From extinction to France’s top jambon

Porc Noir de Bigorre is France’s top-table pork. The Connexion reports on the rare breed’s rise to ham 

29 January 2020
By Jane Hanks

The Porc Noir de Bigorre is the story of a race of pig which nearly disappeared.

Yet there is a happy ending, as there are now 60 producers with 1,200 sows and 10,000 males selling their top quality meat and hams – which each have an AOP label.

The pig comes from Bigorre, an historic area which is now mostly in the Hautes-Pyrénées department with a small part in the Pyrénées-Atlantiques.

In 1981, there were just 34 sows and two males left. During the second half of the 20th century their numbers dwindled because they did not meet the required standards for industrial farming. 

In the 1980s, a group of producers was determined the race should not die out, and with the support of artisanal charcutiers and help from specialists, they decided to carry on farming the Noir de Bigorres and prove it was worth doing.

They created a consortium to look after all aspects of production, from farm to table, and Alexandre Fonseca from the Noir de Bigorre consortium says it was necessary because they are a very different kind of pig: “They only thrive in extensive rather than intensive farming. They are pigs that eat grass and have a lower rate of growth and are therefore more costly to raise than other races, but they produce a very superior meat. They are a pleasure for farmers to work with as they are very calm and docile.”

It took time, but gradually stocks grew and they were able to convince the public this was a product worth buying.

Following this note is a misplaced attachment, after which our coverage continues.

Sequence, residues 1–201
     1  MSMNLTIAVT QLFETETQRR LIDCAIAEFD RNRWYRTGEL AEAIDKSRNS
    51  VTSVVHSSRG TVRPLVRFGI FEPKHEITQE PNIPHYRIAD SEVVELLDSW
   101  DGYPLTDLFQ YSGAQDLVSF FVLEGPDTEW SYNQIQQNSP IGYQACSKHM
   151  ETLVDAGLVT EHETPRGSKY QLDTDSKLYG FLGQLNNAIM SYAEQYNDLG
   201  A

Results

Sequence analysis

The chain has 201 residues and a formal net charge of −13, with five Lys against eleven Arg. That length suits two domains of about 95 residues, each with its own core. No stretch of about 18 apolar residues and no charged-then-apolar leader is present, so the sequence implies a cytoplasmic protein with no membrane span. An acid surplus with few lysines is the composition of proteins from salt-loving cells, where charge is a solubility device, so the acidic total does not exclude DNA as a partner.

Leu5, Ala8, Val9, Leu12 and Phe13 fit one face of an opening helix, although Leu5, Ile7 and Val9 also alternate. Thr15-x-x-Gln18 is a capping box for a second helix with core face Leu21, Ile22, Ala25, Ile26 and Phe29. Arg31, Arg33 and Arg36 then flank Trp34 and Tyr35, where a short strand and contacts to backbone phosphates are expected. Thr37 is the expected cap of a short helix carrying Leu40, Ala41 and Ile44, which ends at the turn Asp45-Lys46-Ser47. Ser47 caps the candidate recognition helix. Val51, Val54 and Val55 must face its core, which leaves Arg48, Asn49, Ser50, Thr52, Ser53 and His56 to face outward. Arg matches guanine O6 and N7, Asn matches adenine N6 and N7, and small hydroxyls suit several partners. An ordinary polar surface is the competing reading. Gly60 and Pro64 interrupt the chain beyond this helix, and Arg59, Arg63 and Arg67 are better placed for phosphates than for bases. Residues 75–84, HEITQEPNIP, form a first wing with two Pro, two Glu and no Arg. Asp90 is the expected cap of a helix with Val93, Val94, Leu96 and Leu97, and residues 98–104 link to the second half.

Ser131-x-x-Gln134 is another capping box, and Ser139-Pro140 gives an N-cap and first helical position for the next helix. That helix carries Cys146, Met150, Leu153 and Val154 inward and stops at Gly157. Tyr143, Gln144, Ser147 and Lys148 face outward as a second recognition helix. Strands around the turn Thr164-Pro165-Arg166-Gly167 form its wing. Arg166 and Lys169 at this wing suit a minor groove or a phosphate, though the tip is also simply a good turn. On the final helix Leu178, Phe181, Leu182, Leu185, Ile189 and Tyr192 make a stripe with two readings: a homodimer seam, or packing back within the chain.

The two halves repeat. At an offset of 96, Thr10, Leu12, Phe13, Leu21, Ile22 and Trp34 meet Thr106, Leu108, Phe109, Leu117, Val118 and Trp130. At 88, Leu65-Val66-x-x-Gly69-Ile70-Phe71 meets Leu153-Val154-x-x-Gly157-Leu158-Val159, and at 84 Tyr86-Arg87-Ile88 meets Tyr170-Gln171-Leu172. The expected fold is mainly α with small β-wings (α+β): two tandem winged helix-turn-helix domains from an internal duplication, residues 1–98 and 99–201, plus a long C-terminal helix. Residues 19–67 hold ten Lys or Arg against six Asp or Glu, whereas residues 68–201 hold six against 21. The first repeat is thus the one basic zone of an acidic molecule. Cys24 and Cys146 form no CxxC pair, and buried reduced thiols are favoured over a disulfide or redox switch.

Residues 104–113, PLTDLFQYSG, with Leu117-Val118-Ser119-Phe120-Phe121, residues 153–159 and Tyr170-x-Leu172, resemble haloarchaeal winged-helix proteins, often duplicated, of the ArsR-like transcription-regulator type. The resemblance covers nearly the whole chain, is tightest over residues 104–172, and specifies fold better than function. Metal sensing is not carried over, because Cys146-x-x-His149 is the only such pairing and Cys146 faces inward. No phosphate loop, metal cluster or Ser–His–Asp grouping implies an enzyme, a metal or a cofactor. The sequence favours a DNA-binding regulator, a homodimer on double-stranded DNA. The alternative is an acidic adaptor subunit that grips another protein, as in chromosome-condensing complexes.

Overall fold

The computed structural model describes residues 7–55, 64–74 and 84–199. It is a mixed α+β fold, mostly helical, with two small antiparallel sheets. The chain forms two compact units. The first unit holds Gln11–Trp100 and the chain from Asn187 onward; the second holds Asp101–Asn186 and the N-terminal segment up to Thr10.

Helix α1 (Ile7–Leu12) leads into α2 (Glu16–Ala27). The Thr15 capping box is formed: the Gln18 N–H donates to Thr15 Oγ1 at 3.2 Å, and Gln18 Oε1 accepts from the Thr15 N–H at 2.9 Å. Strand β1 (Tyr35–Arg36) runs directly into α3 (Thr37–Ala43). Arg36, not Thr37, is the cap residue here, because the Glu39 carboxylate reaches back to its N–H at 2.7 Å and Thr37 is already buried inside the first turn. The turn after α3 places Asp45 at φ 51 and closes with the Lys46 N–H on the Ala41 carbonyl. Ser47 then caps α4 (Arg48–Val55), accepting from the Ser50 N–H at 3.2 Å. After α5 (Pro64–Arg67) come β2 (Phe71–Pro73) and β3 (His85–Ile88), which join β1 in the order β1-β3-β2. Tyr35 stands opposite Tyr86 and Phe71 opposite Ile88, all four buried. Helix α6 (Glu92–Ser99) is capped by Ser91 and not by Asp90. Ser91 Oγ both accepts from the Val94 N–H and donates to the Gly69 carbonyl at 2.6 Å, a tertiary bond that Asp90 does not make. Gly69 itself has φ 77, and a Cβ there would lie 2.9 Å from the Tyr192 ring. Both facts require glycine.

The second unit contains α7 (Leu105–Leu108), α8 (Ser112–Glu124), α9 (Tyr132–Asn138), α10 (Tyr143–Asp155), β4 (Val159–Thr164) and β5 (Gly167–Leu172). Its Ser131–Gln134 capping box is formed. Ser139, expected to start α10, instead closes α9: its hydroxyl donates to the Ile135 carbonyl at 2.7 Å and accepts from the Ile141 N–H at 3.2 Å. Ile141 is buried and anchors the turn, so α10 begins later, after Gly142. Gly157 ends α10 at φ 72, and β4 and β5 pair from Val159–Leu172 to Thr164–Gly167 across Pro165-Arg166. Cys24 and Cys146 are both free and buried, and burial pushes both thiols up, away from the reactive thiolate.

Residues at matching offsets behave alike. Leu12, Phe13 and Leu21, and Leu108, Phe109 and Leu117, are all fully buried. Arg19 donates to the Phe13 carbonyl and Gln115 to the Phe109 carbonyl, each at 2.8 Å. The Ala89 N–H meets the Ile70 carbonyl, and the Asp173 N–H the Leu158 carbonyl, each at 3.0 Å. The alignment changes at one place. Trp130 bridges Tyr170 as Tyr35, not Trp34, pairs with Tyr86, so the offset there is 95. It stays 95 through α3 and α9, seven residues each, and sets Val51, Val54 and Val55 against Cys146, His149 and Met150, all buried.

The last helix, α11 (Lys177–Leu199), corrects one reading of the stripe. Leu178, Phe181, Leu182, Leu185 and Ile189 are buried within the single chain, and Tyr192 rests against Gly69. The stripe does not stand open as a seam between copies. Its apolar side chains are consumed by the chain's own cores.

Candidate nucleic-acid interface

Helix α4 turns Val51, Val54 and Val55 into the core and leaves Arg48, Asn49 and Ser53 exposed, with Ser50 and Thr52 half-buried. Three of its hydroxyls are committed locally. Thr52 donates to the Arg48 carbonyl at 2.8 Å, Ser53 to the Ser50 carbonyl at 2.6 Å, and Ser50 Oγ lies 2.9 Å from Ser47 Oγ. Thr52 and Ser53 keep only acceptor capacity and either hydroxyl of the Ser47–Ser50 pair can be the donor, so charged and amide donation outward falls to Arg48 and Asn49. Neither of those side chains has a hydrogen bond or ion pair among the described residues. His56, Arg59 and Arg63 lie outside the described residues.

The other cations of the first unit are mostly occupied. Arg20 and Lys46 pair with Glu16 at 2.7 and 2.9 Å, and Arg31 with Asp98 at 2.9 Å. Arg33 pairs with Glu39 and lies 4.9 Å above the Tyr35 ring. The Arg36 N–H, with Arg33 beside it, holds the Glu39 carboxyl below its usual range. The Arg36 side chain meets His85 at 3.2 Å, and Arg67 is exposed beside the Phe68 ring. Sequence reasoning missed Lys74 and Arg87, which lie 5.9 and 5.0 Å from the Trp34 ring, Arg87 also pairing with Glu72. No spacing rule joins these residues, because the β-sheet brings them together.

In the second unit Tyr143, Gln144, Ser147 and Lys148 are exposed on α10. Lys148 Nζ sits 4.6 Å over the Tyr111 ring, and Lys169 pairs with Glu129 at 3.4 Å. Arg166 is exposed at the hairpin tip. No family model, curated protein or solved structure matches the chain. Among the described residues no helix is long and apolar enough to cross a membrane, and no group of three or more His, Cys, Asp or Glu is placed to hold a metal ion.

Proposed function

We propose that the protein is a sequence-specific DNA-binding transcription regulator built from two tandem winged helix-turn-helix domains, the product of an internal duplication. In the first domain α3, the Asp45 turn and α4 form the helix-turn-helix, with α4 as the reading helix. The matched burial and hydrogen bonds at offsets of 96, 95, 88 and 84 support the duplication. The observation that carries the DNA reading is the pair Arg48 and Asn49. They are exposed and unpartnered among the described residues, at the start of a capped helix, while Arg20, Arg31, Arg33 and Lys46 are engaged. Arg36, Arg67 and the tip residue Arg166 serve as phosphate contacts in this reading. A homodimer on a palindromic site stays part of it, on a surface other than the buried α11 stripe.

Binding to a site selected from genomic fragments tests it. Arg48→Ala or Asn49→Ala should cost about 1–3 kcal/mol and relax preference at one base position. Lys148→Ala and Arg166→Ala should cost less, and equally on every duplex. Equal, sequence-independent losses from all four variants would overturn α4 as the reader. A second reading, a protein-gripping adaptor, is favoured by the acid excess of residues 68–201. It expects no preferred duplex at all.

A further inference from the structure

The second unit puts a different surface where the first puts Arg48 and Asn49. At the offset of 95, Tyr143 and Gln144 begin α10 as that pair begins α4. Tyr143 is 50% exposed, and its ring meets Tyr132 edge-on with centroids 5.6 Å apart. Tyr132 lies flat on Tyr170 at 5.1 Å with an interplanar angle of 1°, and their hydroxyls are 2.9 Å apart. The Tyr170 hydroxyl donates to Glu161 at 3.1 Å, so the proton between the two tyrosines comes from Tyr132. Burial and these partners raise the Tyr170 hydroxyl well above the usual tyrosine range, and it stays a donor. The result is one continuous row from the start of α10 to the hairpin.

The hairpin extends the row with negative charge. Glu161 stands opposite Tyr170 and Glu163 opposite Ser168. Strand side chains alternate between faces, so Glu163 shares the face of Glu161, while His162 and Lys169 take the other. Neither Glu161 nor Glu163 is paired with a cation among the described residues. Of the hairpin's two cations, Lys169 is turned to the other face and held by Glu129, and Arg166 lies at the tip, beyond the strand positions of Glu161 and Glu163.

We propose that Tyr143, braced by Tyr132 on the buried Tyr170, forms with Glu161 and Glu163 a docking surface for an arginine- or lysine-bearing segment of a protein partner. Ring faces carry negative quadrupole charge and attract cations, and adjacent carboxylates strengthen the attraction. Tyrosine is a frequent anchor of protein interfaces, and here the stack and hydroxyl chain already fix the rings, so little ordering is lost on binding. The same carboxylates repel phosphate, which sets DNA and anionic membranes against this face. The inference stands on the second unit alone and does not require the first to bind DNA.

It is now sold all over France to top restaurants, charcuteries and delicatessens and they have started exporting, as far away as Japan.

Records show that black pigs have always existed in the Pyrénées, and can be traced from the Gallo-Roman period up until the 21st century. In the Middle Ages, they were raised in the Benedictine Abbeys of the region.

Unlike many other races, these pigs love to graze and need large areas of pastureland to consume 1.5kilos of grass every day.

The AOP regulations stipulate that there can be no more than 20 pigs per hectare, and that a farm can have no more than 50 sows giving birth to 450 pigs a year.

In this region where the climate is mild and wet, grass grows all year round, other than a very short period in the winter.

As well as grass the pigs eat nuts and fruits such as chestnuts, acorns and apples and worms, snails and slugs they find in the fields and have a complimentary food made up of grains such as barley, wheat and peas. 

They can live in areas where other farming is difficult, and appreciate having woodland included in their grazing area where they can shelter among the oaks and chestnuts.

They are butchered at fifteen months, compared to five to six months for most other pigs.

Alexandre Fonseca says this means it takes nearly three times longer to raise them, which means they eat three times more food with the resulting carcass weighing 30% less than in classic pig production.

This means the cured ham is more expensive than standard supermarket ham. Prices on internet gourmet food sites are from €45 a kilo for a ham cured for 20 months and up to €72 a kilo for one which has been cured for 24 months.